Last week, I chanced upon a copy of the Madras University yearbook for 1925. Among the alumni listed there as winners of prizes and medals, there were many who later distinguished themselves in their fields and did the university proud. A curious expression that I noticed in the list was M. R. Ry. written as a title before the names. It was an Indian version of Mr. but much more adulatory. The expansion of the title is “Maha Raja Raja Sry”. In the list of medallists, I found M. R. Ry. John Mathai and M. R. Ry. P S Lokanathan. M. R. Ry. is still used in southern India in the traditional, ceremonial wedding invitations printed on red and yellow paper and sent to close relatives.
When we browse our grammar books, we tend to skip the pages that deal with abbreviations. We regard them as an appendage, not an appendix, that can be ignored. But when we actually write, we find that we have doubts at every stage. To take an instance, how do I write half past four in the afternoon in an abbreviated form. My students have come up with several answers: 4.30 P.M., 4.30 p.m., 4.30 pm, 4:30 pm and 1630 hrs. Which is your preferred format?
The abbreviations that we most frequently use are Mr, Mrs, Miss and Ms before people’s names. In the 1950s, a full stop in abbreviations was standard usage. Today, in British usage, no full stop is used if the abbreviation has the same first letter and last letter as the original word. Dr, Lt and St for “saint” are examples.
The expanded form of Mrs should be mistress, but the two have different meanings, mistress having become a pejorative word. Ms is an abbreviation, but it has no corresponding expansion. How do you pronounce Ms? My dictionary has “miz” and also a second pronunciation with an indeterminate vowel sound. Writers are advised to use the form preferred by the person named.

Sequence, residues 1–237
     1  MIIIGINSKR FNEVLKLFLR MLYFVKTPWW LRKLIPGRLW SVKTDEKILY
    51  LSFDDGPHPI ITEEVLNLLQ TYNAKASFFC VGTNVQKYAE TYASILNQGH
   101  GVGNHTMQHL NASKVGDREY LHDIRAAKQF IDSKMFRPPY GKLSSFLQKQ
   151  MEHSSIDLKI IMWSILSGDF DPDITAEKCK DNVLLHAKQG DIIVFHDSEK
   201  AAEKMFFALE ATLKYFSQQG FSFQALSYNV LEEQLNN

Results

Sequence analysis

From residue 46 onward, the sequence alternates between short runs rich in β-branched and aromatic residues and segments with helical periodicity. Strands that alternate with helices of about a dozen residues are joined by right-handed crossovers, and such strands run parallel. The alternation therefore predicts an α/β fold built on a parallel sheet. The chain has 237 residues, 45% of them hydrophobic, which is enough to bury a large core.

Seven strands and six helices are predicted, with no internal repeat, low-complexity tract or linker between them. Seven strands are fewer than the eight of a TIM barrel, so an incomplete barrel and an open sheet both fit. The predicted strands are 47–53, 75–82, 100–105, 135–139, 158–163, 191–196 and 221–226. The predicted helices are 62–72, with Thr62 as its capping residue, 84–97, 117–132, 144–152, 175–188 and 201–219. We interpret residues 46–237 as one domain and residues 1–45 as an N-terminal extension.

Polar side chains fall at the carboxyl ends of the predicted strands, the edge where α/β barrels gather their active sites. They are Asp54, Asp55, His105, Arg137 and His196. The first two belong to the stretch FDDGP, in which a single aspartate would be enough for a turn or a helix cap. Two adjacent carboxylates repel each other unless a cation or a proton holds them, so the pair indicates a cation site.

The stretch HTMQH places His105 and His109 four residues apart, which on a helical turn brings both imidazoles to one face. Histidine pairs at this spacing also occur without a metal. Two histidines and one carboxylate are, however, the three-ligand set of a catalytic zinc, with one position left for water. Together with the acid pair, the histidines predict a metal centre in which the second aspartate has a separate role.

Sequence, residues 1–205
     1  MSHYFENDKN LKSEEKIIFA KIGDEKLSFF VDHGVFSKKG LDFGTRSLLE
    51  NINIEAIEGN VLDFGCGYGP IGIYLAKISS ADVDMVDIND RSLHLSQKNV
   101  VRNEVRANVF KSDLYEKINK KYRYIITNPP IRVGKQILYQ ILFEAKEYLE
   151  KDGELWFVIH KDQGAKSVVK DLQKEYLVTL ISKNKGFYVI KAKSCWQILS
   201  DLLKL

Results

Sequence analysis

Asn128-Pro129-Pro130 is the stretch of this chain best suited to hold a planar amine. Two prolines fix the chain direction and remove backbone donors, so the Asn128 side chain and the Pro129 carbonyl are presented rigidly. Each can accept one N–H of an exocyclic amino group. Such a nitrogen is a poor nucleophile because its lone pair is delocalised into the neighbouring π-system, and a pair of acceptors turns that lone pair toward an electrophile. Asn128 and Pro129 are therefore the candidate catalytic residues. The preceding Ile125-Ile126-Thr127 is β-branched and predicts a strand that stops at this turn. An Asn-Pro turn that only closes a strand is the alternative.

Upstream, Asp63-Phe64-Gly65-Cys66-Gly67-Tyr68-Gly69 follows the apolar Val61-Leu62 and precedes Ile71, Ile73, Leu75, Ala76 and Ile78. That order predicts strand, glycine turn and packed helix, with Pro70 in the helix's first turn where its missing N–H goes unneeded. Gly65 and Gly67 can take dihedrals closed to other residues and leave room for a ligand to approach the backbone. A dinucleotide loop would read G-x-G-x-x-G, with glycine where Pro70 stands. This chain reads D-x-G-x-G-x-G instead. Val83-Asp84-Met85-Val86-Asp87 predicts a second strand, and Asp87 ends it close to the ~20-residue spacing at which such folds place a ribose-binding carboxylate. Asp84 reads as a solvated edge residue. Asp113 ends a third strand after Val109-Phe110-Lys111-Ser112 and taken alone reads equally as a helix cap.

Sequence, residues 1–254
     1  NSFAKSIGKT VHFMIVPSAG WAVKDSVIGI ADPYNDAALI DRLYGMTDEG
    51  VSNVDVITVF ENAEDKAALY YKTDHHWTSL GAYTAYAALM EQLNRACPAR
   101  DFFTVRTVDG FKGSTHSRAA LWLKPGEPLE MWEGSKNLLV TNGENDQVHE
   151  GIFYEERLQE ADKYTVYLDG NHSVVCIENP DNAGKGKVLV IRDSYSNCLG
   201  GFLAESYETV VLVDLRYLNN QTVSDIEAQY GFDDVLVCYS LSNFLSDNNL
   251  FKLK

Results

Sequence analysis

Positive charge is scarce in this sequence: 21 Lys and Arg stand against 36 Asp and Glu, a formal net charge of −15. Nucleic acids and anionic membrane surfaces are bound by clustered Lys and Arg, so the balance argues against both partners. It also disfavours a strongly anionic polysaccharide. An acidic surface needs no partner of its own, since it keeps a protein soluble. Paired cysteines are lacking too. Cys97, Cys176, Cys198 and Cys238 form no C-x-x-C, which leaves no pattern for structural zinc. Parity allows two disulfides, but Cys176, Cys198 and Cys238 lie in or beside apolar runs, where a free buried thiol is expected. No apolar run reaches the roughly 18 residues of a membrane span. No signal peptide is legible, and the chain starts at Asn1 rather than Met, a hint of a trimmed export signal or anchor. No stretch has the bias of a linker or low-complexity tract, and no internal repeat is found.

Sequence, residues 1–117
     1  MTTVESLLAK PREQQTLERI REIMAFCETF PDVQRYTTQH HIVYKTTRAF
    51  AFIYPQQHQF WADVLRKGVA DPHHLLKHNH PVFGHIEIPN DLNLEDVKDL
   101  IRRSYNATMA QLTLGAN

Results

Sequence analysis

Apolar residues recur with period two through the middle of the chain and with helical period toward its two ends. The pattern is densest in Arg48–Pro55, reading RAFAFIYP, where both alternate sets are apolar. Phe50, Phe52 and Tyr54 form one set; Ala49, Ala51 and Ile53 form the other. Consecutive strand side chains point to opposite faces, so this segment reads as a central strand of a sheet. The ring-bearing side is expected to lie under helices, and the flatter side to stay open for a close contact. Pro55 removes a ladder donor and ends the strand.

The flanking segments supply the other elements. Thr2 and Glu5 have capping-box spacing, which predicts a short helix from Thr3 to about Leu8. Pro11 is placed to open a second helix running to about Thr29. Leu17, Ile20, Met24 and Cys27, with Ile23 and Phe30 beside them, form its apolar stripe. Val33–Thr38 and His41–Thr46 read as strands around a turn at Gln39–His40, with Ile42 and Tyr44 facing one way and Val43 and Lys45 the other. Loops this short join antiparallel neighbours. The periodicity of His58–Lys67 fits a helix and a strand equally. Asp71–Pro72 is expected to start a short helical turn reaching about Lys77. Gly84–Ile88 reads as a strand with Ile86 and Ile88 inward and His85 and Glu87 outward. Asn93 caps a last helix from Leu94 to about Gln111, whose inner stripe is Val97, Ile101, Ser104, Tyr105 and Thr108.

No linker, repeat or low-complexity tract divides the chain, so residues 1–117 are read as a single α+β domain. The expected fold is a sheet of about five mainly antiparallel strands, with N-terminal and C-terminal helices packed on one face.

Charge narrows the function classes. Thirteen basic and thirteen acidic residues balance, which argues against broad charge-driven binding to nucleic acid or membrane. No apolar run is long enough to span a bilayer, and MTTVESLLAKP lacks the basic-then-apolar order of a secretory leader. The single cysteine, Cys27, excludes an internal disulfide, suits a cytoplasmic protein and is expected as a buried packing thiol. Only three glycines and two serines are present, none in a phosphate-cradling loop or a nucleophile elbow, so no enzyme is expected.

There are a few Latin abbreviations in wide use. We have already mentioned a.m. and p.m. Exempli gratia is written as “e.g.” and means “for example”. It should be distinguished from id est, written as “i.e.”, which means “that is”. French et cetera means “and so on”. Its abbreviation is “etc.”, often miswritten as “ect” or “e.c.t.” or “and etc”. It would sound impolite to use “etc.” to refer to people, as in this sentence: “Keats, Shelley, Coleridge, etc. were poets of the Romantic era.” Dictionary entries for these Latin terms have full stops. One abbreviation, viz, has a curious origin. It is formed from videlicet, translated as “it is permissible to see”. It is usually read aloud as “namely” or “that is to say”.
Acronyms are words formed by putting together the first letters of a descriptive phrase or name. Some of them become regular nouns, such as laser and radar. A well-known and widely cited example is NATO, which is in the news almost every day. There are no full stops between these letters, though you may occasionally find examples like U.S.A. Some people consider full stops outdated, and there is a trend to discard full stops altogether. Acronyms can be pronounced as independent words, as in NASA, UNESCO and AIDS. These are to be distinguished from initialisms, in which the first letters of a phrase or name are uttered as a series of individual letters, not making up words. HIV, SPCA, RSVP (from French), and HTML are initialisms.
Abbreviations of units of measurement have their own format. Such units are written without full stops; they don’t have a plural form with –s or with apostrophe and –s. The exception is “inch”. When abbreviated to “in.” it takes a full stop, to avoid confusion with the preposition “in”. The following forms are not acceptable: 10 kgs, 15cm., and 500 mgs. Units are abbreviated only when there is a numeral before them with one space between.
V.R. Narayanaswami is a former professor of English, and has written several books and articles on the usage of the language. He looks at the peculiarities of business and popular English usage in his fortnightly column.
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